The next issue is one that I hope doesn’t get me in hot water.  As a beginner, part of my responsibility is to get to know the ‘norms’ of this new group dynamic.  In other words, there are spoken and unspoken rules.  One of the rules seems to be that as a beginner a student can progress much faster in PM if they ‘only’ try to copy exactly what their teachers show and tell.  It seems to me that the correct way to become good at PM is to copy GM and my other teachers as closely as I’m able.  My brain is incapable of stopping there.  Show me how to do something and after I’ve tried to copy your movements, at home, I will begin to try to partialize the move into its component parts.  I will try to analyze the biomechanical elements of the movement in relation to the rest of the body using PM concepts/theory.  I will make notes.  I will try to find ways to create stretching movements that will augment the mechanical efficiencies of the PM move.  All of this happens automatically inside me; couldn’t turn it off if I tried.  I have, over time and experience in various martial arts, learned that I must ‘check-in’ with my teachers at every stage to make sure my ‘creativity’ hasn’t taken me away from PM’s razor-thin line of correct movements.   Not all of my musings are helpful and I try to only ask at times when my questions are only heard by Master Allan or GM so my stray thoughts don’t make it harder for some other student to progress.  A fellow student said to me in class last week that I should begin to teach.  I said thanks but that I didn’t think I was really ready yet to do that.  In this art more than any other I’ve studied there are endless ways to screw up and only one way towards true skill.  I do know that as I still have to keep tipping my teacup to empty it I can’t likely offer any tea to anyone else, yet.  I don’t know where the correct balance is for me on this question of creativity in training.  I know that my natural creativity in the process of actively learning PM sometimes helps and sometimes gets in my way.  I have come up with ‘new’, mostly variations on what Master Allan and GM shows, ways to stretch my shoulder and hip girdles which have helped in my PM bodily ‘re-setting’.  I have also gone down some dead ends like the discovery the other day while working on opening at the breastbone, that I can get my clavicles to rotate like my femurs do in circles.  So let’s think and perhaps debate whether there is any place for those who want to teach eventually to open up creatively in small ways as beginners, then in bigger ways as we progress.  Let’s call it ‘contained creativity’ and much like the engine metaphor maybe creativity is essential to the balanced humming of our PM engines?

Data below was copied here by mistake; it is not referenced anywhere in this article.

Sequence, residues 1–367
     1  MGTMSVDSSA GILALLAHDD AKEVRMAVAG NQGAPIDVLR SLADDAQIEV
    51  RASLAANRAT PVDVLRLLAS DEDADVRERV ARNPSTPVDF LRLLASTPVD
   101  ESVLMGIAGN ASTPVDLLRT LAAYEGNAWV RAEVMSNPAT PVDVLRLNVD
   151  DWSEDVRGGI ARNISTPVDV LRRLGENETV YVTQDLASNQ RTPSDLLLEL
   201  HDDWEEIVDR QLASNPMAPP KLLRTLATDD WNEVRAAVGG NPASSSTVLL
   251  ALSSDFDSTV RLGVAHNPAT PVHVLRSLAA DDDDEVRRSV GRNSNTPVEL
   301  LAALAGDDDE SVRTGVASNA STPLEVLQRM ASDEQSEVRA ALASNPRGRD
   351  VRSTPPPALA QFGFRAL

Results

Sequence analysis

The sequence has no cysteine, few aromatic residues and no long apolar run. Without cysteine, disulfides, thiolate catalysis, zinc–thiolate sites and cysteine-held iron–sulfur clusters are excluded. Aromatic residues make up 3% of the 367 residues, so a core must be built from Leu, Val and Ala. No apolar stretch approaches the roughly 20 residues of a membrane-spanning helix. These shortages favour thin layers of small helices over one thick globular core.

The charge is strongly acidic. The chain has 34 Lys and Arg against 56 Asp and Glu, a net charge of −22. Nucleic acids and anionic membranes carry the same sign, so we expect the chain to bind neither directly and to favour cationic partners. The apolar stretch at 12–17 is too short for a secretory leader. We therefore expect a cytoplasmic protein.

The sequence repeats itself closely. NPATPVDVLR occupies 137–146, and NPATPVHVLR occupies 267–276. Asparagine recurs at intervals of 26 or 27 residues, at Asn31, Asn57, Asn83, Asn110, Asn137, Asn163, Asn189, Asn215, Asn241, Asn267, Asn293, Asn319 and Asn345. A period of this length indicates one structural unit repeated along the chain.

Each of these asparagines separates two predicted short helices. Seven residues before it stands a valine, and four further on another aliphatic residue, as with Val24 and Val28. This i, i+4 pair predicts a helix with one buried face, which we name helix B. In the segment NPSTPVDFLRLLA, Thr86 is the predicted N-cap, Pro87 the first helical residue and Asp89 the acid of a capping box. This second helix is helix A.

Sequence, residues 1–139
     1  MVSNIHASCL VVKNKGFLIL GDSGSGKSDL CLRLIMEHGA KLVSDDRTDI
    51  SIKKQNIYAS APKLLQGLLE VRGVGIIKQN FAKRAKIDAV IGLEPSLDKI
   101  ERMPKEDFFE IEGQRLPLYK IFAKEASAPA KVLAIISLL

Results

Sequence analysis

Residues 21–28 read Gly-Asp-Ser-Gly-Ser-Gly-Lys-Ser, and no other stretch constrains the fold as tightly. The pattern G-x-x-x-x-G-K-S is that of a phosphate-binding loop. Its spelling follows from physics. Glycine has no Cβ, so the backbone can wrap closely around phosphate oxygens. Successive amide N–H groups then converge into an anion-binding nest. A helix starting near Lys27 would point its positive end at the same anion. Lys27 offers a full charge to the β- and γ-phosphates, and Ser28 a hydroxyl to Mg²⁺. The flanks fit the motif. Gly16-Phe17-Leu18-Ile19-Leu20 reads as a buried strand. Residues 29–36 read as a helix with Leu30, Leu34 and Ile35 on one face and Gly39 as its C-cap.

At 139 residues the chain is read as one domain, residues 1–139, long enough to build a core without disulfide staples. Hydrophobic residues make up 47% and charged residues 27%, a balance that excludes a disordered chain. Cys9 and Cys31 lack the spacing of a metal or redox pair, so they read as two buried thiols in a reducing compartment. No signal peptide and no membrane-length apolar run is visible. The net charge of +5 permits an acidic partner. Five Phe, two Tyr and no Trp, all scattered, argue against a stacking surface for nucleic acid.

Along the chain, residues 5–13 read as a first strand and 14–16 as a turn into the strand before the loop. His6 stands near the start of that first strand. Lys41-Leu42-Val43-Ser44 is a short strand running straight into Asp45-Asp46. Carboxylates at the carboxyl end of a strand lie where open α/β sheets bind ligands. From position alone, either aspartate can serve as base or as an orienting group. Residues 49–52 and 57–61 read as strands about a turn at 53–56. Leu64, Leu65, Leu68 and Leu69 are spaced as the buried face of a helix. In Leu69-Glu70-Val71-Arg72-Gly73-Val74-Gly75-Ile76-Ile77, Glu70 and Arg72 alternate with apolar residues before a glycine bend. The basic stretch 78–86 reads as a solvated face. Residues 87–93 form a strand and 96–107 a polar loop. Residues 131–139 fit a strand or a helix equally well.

Two questions my brothers and sisters.  So what are your thoughts?